As companies invest in technology for their physical spaces and workflows, they must equally invest in digital solutions to create a more agile, robust, and appropriately skilled workforce. Mobile collaboration tools like Beekeeper are the answer for an industry powered by frontline workers. With access to real-time information that allows them to tap into the IoT network and collaborate with colleagues for immediate problem solving, a connected workforce can help a company:
- Reduce costly errors due to delayed or poor communication
- Keep workers collaborating during changes to workplace policies, like physical distancing
- Improve safety with a centralized communication hub
- Gain new skills for Industry 4.0
This last benefit is critical. With a mobile solution, companies can focus on training and upskilling their frontline workers. With a mobile collaboration tool, workers can access training materials, like SOP documents or videos, that will help them learn the skills they need for the future of manufacturing. McKinsey predicts that the demand for jobs that require more technological skills is going to jump by 50%.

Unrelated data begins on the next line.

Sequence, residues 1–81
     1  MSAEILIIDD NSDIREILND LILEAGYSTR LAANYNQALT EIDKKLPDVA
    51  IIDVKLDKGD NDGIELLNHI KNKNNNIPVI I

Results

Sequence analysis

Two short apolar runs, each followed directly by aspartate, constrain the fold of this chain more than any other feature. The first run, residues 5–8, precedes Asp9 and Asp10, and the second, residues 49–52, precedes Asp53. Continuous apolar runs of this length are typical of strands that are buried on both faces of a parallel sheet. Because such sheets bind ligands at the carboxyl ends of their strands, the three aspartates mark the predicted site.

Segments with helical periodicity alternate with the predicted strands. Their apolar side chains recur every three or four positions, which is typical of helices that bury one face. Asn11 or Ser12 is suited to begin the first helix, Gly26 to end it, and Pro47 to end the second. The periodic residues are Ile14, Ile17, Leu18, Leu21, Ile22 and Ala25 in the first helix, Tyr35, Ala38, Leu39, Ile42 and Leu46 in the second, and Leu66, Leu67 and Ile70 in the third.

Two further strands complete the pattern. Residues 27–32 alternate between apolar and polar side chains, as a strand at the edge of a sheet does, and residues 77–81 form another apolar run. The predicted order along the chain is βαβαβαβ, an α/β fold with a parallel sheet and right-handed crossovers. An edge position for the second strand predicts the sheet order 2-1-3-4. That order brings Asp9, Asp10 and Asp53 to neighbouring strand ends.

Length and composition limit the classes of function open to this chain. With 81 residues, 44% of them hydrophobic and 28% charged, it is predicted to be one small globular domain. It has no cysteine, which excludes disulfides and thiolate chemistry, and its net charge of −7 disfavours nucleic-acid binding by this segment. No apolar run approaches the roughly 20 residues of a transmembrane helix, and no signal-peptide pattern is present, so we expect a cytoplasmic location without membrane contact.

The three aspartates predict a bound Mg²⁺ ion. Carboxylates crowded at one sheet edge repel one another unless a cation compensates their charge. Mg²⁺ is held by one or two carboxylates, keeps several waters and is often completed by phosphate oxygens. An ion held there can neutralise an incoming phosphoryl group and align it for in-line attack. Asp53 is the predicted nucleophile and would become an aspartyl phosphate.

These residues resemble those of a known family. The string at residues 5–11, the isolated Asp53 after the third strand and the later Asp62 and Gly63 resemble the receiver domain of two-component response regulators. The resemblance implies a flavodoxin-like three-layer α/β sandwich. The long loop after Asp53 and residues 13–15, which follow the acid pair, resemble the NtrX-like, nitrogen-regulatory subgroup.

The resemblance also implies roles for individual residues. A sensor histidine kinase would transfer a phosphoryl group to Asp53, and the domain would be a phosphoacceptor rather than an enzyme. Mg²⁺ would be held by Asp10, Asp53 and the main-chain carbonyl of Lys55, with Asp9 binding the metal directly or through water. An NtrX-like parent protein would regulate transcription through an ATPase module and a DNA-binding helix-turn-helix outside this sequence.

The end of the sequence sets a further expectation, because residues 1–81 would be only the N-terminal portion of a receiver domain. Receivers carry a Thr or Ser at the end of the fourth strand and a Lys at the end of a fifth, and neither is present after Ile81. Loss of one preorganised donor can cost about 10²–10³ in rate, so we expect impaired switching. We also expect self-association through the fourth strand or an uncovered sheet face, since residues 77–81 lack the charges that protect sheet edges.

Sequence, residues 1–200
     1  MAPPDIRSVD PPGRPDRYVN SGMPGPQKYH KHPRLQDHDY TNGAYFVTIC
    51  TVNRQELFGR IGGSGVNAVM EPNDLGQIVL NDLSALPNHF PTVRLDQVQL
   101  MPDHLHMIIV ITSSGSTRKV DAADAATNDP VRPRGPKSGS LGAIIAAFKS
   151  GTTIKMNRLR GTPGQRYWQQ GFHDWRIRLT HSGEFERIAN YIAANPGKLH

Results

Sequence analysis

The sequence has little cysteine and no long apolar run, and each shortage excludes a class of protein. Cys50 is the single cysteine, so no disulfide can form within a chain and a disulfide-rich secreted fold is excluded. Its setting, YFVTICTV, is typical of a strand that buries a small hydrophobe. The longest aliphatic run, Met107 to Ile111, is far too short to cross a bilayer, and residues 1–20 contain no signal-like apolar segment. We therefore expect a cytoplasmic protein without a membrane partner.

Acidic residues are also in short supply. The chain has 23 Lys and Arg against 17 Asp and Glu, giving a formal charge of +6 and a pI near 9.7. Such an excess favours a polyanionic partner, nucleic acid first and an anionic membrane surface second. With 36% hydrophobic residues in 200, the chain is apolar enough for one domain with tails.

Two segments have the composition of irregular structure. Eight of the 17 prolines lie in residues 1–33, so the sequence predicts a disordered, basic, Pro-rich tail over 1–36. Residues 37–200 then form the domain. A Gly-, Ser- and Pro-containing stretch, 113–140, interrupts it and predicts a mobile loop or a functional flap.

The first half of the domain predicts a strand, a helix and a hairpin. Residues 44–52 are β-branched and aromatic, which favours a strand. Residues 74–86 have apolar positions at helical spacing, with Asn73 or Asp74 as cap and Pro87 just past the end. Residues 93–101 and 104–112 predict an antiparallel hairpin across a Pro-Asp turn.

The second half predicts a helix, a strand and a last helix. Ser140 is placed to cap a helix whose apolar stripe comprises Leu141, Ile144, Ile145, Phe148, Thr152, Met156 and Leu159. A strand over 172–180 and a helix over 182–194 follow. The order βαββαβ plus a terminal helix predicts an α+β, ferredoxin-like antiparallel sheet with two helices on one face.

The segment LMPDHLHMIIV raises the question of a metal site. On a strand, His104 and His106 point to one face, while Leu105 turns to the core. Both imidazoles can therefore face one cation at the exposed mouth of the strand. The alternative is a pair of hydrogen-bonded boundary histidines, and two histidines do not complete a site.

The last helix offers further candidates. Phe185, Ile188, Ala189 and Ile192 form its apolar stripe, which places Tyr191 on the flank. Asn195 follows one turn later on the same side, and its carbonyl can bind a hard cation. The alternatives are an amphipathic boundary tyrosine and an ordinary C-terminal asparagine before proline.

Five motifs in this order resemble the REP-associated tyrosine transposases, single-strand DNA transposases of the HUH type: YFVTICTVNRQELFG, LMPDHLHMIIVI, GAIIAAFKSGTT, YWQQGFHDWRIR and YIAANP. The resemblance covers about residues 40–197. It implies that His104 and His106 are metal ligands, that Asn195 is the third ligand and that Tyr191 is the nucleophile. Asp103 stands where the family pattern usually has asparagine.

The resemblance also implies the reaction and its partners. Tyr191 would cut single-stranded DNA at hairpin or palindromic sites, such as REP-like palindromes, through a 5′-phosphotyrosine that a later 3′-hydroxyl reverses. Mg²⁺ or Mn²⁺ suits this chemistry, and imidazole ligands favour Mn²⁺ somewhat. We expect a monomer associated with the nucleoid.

Ongoing training can help a company continue to run seamlessly as new technology is added to the workplace by continuously upskilling employees to keep pace with those changes. It leads to a more agile, ready-willing-and-able workforce who can deliver real time solutions and adapt to change quickly.
These digital investments in workforce technology will be a critical step in the broader strategy to attract and retain manufacturing talent. Today’s digitally native employees want to work for high tech companies. They want real-time communication capabilities. And they want companies that offer growth opportunities. With a digital collaboration tool, manufacturers can achieve these goals and build a company that the next generation of manufacturing employees will want to work for.